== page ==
A Missouri man with stage 4 pancreatic cancer was visited in hospital by multiple police officers who searched his possessions for marijuana.
Talk about ‘To Protect and To Serve’.
Nolan Sousley posted a video of the encounter to Facebook on Wednesday (March 6) in which a police officer argues with the dying man about possession of the drug while another roots through his belongings, Newsweek reports.
The officer, later identified as being from the Bolivar police department, said:
If we find marijuana we’ll give you a citation, we’re not taking you down to the county jail.
Officers showed up to the hospital after they said they received a call from someone who said they could smell weed coming from Sousley’s room. Sousley said that was impossible because he never smokes or uses ground-up plants. He said he used capsules with THC oils.
In the overly confrontational scene considering the circumstances, Sousley told the officers, ‘It’s the only choice I got to live, man.’ He added, ‘We’re Americans. I was born here, it’s my right to live.’
A doctor entered the room and an officer informed her of the situation. An officer said Sousley had a bag they hadn’t yet searched.
The dying man explained he’d already shown the officer the plastic bag containing the THC capsules, but the police officer requested to search the entire bag. Sousley explained the bag was filled with medication and would not allow the police to ‘dig through that’.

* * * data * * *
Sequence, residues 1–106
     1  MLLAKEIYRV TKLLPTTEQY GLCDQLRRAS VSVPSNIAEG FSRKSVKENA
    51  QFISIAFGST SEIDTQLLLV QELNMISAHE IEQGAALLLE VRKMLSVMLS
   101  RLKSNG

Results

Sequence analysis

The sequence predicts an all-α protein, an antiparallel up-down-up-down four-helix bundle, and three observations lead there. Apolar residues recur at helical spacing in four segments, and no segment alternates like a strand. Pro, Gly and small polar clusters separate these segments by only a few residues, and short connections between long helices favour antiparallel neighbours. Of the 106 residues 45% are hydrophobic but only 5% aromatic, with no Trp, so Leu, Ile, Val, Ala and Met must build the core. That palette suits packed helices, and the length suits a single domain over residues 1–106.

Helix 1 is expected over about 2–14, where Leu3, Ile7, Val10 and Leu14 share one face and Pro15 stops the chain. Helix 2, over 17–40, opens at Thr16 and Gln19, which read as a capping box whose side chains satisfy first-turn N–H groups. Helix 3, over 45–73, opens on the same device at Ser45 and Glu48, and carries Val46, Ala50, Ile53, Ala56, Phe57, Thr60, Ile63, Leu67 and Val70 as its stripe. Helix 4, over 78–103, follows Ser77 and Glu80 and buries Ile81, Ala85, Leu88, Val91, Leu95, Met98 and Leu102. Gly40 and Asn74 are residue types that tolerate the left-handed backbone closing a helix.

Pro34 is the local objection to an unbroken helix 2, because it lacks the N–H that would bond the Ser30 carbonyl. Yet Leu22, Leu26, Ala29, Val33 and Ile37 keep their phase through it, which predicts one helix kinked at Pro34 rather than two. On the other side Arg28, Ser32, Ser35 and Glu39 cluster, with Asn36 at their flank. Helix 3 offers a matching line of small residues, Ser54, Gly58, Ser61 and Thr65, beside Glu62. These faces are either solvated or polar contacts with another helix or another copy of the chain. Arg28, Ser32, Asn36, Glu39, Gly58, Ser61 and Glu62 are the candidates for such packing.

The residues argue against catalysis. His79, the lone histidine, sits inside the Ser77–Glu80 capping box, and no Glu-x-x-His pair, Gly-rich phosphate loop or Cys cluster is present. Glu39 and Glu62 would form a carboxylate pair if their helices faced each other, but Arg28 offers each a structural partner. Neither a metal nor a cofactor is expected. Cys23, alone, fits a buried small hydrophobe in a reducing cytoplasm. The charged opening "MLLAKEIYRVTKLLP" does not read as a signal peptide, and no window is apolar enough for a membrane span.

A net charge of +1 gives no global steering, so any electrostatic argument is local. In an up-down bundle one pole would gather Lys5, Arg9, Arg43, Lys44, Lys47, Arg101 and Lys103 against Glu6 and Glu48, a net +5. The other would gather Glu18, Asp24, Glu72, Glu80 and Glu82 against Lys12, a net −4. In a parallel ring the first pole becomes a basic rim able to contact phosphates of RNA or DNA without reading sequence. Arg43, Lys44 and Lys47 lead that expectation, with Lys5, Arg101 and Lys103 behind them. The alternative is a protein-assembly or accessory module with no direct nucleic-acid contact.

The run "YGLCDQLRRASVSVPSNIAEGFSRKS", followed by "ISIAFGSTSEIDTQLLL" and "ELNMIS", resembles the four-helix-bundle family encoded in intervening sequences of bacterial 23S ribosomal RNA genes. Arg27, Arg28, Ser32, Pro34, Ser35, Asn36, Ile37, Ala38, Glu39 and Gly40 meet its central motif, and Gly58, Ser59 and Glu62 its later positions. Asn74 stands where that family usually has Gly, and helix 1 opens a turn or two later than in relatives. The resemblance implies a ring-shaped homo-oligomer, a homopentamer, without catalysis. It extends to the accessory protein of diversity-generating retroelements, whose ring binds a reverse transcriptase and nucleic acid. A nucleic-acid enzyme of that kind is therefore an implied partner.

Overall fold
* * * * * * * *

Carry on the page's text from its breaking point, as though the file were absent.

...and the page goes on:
It has my final-day things in there, and nobody’s gonna dig in it. It’s my stuff.
Sousley eventually allowed an officer to search the bag, and the officers didn’t find any marijuana.
Newsweek reached out for comment from the Bolivar police department and to Sousley but did not receive response when the article was published.
Citizens Memorial Hospital told Newsweek it could not comment on any specific treatment or situation, citing the Health Insurance Portability and Accountability Act.
The hospital added:
It is also our policy to call appropriate law enforcement any time hospital personnel see or reasonably suspect illegal drug use in patient rooms or otherwise on campus.
In November, Missouri voters approved Amendment 2, which permits state-licensed physicians to recommend marijuana for medical purposes to patients. However, as of March 8 Missourians could not legally possess medical marijuana.
Sousley mentioned the ongoing approval of the amendment in the confrontation with the police officers.
I don’t have time to wait for that. Tell me what you’d do.
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